A federal grand jury in Spokane, Washington, returned an indictment earlier this month charging two hackers, both nationals and residents of the People’s Republic of China (China), with hacking into the computer systems of hundreds of victim companies, governments, non-governmental organizations, and individual dissidents, clergy, and democratic and human rights activists in the United States and abroad, including Hong Kong and China. The defendants in some instances acted for their own personal financial gain, and in others for the benefit of the MSS or other Chinese government agencies. The hackers stole terabytes of data which comprised a sophisticated and prolific threat to U.S. networks.
The 11-count indictment alleges LI Xiaoyu (李啸宇), 34, and DONG Jiazhi (董家志), 33, who were trained in computer applications technologies at the same Chinese university, conducted a hacking campaign lasting more than ten years to the present, targeting companies in countries with high technology industries, including the United States, Australia, Belgium, Germany, Japan, Lithuania, the Netherlands, Spain, South Korea, Sweden, and the United Kingdom. Targeted industries included, among others, high tech manufacturing; medical device, civil, and industrial engineering; business, educational, and gaming software; solar energy; pharmaceuticals; defense. In at least one instance, the hackers sought to extort cryptocurrency from a victim entity, by threatening to release the victim’s stolen source code on the Internet. More recently, the defendants probed for vulnerabilities in computer networks of companies developing COVID-19 vaccines, testing technology, and treatments.
The charges were announced by Assistant Attorney General for National Security John C. Demers; FBI Deputy Director David Bowdich; U.S. Attorney for the Eastern District of Washington William D. Hyslop; and Special Agent in Charge of the FBI’s Seattle Field Division Raymond Duda.
“China has now taken its place, alongside Russia, Iran and North Korea, in that shameful club of nations that provide a safe haven for cyber criminals in exchange for those criminals being ‘on call’ to work for the benefit of the state, here to feed the Chinese Communist party’s insatiable hunger for American and other non-Chinese companies’ hard-earned intellectual property, including COVID-19 research,” said Assistant Attorney General for National Security John C. Demers.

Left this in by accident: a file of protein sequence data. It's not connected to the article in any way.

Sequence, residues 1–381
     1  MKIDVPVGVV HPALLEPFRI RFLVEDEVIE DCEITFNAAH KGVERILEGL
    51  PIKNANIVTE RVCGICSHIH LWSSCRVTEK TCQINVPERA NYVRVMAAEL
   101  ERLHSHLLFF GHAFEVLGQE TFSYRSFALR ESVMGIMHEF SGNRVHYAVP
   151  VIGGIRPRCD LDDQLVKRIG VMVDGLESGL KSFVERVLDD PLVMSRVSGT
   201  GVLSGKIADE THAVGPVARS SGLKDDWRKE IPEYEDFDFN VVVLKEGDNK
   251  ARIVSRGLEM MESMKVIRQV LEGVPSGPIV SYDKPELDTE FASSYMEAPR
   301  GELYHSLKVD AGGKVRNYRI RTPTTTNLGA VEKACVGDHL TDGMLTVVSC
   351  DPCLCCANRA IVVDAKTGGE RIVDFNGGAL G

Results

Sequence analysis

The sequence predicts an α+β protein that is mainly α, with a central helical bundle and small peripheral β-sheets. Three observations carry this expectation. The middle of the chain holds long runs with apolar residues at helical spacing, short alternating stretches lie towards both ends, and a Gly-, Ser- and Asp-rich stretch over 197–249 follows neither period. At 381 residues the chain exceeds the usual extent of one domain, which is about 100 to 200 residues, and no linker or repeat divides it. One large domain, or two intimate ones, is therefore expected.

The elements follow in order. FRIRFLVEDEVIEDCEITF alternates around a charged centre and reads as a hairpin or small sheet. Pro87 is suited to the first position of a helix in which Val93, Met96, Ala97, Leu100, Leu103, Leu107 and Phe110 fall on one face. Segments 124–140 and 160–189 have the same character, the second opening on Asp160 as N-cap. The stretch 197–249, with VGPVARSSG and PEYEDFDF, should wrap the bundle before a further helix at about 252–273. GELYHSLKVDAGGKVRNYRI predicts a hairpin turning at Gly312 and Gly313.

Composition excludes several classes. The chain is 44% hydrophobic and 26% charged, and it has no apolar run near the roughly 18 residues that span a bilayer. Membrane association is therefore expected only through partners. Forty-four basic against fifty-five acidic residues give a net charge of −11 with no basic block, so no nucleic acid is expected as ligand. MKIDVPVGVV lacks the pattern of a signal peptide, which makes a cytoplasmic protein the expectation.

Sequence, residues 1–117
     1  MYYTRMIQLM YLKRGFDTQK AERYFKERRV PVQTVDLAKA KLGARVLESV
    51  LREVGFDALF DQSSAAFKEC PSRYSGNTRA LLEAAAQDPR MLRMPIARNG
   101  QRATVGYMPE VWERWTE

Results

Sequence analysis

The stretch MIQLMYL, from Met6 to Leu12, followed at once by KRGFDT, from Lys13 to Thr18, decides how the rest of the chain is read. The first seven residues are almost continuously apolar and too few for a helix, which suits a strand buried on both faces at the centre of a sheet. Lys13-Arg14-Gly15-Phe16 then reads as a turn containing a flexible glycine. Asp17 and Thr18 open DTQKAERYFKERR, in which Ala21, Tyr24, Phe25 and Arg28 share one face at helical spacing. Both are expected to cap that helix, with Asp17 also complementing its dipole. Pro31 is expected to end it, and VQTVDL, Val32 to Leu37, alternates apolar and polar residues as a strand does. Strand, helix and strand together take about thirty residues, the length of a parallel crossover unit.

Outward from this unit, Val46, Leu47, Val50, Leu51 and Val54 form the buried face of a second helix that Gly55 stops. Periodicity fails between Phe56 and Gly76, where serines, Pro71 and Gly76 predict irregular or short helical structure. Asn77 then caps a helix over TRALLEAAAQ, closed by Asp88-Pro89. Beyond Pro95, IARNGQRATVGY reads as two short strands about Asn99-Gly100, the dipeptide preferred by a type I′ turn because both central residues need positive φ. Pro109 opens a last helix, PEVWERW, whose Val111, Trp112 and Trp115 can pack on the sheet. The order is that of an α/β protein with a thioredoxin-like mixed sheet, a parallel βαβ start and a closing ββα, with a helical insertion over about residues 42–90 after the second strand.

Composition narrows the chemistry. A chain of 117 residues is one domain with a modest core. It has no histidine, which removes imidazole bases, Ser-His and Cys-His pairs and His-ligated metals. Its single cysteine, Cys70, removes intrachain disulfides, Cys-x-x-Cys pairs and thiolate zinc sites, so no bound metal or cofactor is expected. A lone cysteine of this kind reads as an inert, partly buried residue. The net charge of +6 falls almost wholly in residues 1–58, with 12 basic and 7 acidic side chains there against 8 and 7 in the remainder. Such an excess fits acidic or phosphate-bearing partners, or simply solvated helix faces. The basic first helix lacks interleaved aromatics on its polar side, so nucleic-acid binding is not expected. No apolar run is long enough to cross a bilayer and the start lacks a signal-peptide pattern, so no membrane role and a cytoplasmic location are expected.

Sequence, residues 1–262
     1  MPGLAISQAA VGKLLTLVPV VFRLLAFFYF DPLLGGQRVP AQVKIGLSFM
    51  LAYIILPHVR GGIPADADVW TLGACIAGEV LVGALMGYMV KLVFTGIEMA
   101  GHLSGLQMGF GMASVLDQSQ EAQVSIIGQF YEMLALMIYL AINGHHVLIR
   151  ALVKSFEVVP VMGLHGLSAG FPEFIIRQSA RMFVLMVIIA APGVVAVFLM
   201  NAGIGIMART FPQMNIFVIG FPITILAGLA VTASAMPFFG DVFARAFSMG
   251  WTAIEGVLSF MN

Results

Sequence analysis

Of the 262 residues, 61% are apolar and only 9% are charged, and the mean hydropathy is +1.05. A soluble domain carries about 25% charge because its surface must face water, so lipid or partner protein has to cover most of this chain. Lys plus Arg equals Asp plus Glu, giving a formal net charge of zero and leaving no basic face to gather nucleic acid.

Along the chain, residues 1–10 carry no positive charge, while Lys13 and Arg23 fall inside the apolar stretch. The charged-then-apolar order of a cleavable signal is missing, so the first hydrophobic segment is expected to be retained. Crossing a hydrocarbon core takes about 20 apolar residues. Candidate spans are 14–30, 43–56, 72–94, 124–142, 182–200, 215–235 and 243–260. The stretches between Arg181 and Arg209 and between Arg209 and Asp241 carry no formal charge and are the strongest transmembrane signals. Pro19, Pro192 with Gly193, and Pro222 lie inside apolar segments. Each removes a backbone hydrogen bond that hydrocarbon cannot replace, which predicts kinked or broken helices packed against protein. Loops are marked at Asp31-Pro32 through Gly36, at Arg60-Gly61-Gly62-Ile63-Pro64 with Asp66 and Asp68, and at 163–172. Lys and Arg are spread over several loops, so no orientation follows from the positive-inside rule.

“Today’s indictment demonstrates the serious consequences the Chinese MSS and its proxies will face if they continue to deploy malicious cyber tactics to either steal what they cannot create or silence what they do not want to hear,” said FBI Deputy Director David Bowdich. “Cybercrimes directed by the Chinese government’s intelligence services not only threaten the United States but also every other country that supports fair play, international norms, and the rule of law, and it also seriously undermines China’s desire to become a respected leader in world affairs. The FBI and our international partners will not stand idly by to this threat, and we are committed to holding the Chinese government accountable.”
According to the indictment, to gain initial access to victim networks, the defendants primarily exploited publicly known software vulnerabilities in popular web server software, web application development suites, and software collaboration programs. In some cases, those vulnerabilities were newly announced, meaning that many users would not have installed patches to correct the vulnerability. The defendants also targeted insecure default configurations in common applications. The defendants used their initial unauthorized access to place malicious web shell programs (e.g., the “China Chopper” web shell) and credential-stealing software on victim networks, which allowed them to remotely execute commands on victim computers.
To conceal the theft of information from victim networks and otherwise evade detection, the defendants typically packaged victim data in encrypted Roshal Archive Compressed files (RAR files), changed RAR file and victim documents’ names and extensions (e.g., from “.rar” to “.jpg”) and system timestamps, and concealed programs and documents at innocuous-seeming locations on victim networks and in victim networks’ “recycle bins.” The defendants frequently returned to re-victimize companies, government entities, and organizations from which they had previously stolen data, in some cases years after the initial successful data theft. In several instances, however, the defendants were unsuccessful in this regard, due to the efforts of the FBI and network defenders.
The indictment charges the defendants with conspiring to steal trade secrets from at least eight known victims, which consisted of technology designs, manufacturing processes, test mechanisms and results, source code, and pharmaceutical chemical structures. Such information would give competitors with a market edge by providing insight into proprietary business plans and savings on research and development costs in creating competing products.
The defendants are each charged with one count of conspiracy to commit computer fraud, which carries a maximum sentence of five years in prison; one count of conspiracy to commit theft of trade secrets, which carries a maximum sentence of ten years in prison; one count of conspiracy to commit wire fraud, which carries a maximum sentence of 20 years in prison; one count of unauthorized access of a computer, which carries a maximum sentence of five years in prison; and seven counts of aggravated identity theft, which each carries a mandatory sentence of two non-consecutive years in prison. The maximum potential sentences in this case are prescribed by Congress and are provided here for informational purposes only, as any sentencings of the defendants will be determined by the assigned judge.